Late in 2006, I was sitting in my office. My paralegal/assistant at the time (I’ll call her Marci), had gone off the deep end and stopped showing up for work. I was scrambling to do all the administrative stuff she did while also handling my caseload. I put a help wanted ad in the paper and was bombarded with resumes. I picked out ten or so and called them to come in for an interview. No one I interviewed struck me as the type of person who would be a good match. Frankly, I wondered how some of them survived in life. I hate hiring assistants and really wanted to find someone who would be there for the next 15 or 20 years. I was really getting worried. Then, this young lady who had been working for a CPA firm in the building approached me and asked if she could work for me. I guess she thought law was more exciting than accounting. Being a nice guy, and really needing some help, I agreed to let her work part time. I knew she was in college and from my observations, she came in, did her work, and left with no drama. After having to constantly talk Marci off the ledge, it seemed like she would be a perfect fit. The problem was that the building was full and there was no room to put her. We set up a small table in my office with a computer and she worked from there.
At the time, I was just starting to look at a case involving a client who had purchased a franchise of Contours Express, LLC. Contours was one of those women’s-only gyms that had a 30 minute circuit. It was loosely based on the Curves model. My client had lost over $40,000 in her franchise and the amounts kept rising. Ultimately, she had made the tough decision to walk away before she lost everything. However, her pain wasn’t over. She got sued by the landlord and had a judgment entered against her. The more I investigated, the more I was convinced that something had gone terribly wrong with this franchise.
After my new assistant, Kelly, had started working,we started looking at other complaints that were being made against Contours. We found some blog sites in which the franchisees were making complaint after complaint. Somehow, word spread that we were investigating the franchise and we began to get calls. I spent over two full months talking to franchisees all over the country. Kelly, who i now refer to as Ms. Organization, put together a questionnaire that we used so that we were consistent in our interviews. The stories were hauntingly familiar. Most of the franchisees were middle-aged women or younger who were leaving other careers to start their own business. They were all outgoing, enthusiastic and were looking to help other women while also earning a living. They invested retirement accounts, borrowed against their houses, borrowed from family and whatever else they needed to get their businesses up and running. They followed the so-called “proven systems” that the franchisor allegedly had in place. However, they all found out quickly that no matter how hard they worked, and how much they sacrificed, the “proven system” did not exist and they were headed to failure. When they went to the franchisor for help, they were either ignored or told they were not using the “proven system.” It got to the point where they all felt like they were abandoned.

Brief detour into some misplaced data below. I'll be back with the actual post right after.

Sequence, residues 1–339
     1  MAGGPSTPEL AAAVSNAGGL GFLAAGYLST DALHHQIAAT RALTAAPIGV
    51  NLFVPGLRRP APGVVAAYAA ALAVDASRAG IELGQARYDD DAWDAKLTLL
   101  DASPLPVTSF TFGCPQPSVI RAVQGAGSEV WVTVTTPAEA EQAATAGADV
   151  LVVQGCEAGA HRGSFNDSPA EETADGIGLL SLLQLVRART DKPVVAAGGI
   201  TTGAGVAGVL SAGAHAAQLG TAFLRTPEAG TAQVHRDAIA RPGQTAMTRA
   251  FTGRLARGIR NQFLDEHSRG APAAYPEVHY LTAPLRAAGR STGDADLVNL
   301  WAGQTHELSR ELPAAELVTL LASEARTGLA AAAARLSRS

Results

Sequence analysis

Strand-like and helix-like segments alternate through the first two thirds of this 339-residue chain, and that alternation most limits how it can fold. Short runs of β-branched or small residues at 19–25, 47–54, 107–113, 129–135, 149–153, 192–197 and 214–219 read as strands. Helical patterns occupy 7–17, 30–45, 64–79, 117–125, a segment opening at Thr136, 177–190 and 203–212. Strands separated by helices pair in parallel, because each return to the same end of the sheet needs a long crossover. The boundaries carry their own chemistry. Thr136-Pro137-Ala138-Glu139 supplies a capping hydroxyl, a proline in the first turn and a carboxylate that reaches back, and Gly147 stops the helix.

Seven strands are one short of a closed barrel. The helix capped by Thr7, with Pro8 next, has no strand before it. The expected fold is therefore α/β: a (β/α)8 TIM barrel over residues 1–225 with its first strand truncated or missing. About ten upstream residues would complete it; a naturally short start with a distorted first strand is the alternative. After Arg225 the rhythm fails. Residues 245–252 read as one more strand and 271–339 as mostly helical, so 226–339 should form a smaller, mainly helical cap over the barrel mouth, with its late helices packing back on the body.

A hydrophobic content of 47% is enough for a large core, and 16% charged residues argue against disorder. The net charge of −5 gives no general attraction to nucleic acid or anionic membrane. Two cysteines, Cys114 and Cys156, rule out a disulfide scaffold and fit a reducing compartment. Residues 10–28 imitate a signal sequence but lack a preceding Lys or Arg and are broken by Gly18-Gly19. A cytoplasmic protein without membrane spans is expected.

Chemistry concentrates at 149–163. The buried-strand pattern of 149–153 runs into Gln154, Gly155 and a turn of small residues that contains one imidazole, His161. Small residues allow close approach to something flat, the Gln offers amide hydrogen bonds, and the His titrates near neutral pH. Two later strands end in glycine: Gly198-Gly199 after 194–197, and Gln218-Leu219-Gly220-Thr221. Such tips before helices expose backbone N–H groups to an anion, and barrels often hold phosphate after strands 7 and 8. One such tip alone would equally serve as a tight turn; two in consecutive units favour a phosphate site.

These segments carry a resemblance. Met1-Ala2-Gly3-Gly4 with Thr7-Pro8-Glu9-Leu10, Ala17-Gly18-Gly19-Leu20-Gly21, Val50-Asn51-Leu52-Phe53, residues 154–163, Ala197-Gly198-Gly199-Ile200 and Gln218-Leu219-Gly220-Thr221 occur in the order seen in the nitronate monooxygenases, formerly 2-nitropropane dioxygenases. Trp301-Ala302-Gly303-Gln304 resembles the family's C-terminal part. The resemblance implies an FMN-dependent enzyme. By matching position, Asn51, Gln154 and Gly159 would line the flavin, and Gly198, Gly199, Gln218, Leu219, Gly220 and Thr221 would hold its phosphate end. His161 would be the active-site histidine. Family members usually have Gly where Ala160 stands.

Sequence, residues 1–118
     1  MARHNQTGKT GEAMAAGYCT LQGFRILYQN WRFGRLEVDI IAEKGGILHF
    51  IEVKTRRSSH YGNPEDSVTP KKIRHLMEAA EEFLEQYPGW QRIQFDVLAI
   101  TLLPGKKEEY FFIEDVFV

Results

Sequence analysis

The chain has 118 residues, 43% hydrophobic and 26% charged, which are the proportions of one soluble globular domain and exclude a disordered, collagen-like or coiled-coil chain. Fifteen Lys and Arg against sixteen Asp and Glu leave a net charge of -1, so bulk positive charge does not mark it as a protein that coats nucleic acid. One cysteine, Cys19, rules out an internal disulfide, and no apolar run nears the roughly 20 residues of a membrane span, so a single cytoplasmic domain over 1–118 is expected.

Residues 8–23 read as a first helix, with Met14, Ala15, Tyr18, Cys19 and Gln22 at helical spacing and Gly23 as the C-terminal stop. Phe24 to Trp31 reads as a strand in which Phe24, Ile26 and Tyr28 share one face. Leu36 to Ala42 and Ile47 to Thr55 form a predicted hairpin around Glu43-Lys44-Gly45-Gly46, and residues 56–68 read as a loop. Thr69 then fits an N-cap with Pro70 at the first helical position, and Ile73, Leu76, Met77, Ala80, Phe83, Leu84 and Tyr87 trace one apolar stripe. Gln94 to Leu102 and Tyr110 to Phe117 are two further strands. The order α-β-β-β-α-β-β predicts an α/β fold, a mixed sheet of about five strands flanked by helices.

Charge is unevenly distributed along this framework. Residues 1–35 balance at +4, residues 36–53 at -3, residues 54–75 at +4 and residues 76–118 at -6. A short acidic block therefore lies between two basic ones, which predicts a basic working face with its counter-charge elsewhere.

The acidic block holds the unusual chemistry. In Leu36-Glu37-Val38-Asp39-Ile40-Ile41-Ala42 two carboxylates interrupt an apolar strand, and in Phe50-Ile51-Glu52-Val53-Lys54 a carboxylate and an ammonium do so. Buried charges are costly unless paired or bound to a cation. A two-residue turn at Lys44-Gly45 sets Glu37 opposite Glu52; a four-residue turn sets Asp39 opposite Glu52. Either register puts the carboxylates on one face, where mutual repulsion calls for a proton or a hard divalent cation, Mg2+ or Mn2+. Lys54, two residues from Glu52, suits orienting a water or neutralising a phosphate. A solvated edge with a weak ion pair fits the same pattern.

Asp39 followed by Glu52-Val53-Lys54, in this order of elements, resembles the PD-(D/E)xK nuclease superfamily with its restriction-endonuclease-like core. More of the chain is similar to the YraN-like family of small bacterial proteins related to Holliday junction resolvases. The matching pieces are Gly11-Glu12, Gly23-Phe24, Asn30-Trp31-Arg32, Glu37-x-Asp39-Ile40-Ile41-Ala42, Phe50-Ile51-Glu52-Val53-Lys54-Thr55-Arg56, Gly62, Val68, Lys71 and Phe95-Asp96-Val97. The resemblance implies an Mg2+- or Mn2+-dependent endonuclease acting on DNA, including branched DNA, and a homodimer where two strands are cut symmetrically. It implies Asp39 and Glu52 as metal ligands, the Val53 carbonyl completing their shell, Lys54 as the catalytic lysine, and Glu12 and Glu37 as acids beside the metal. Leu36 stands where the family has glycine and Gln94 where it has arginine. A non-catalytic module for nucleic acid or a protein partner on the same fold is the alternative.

Kelly and I both saw the common themes. I made the decision at that point that the case would be about more than one franchisee. The case was going to be about a “proven system” that never existed and fraud used by the franchisor to get the clients to sign on the dotted line. I spoke to over 100 of the franchisees. In the end, we had 54 franchisees as clients. In March of 2007, while Kelly and I were still sharing the same office, we filed the suit in Missouri state court. I had handled large cases before, but this one was massive. We were suing a company with millions of dollars in revenue that had been identified by Entrepreneur magazine as one of the fastest growing franchises. The franchisor was controlled by the Pilot Group, a private equity firm in New York that was founded by the former CEO and COO of AOL and later AOL/Time Warner. These guys were billionaires. I had no idea what to expect. However, my clients had shown such confidence in me that I knew I would work as hard as I could not to let them down. We weren’t going down without a fight.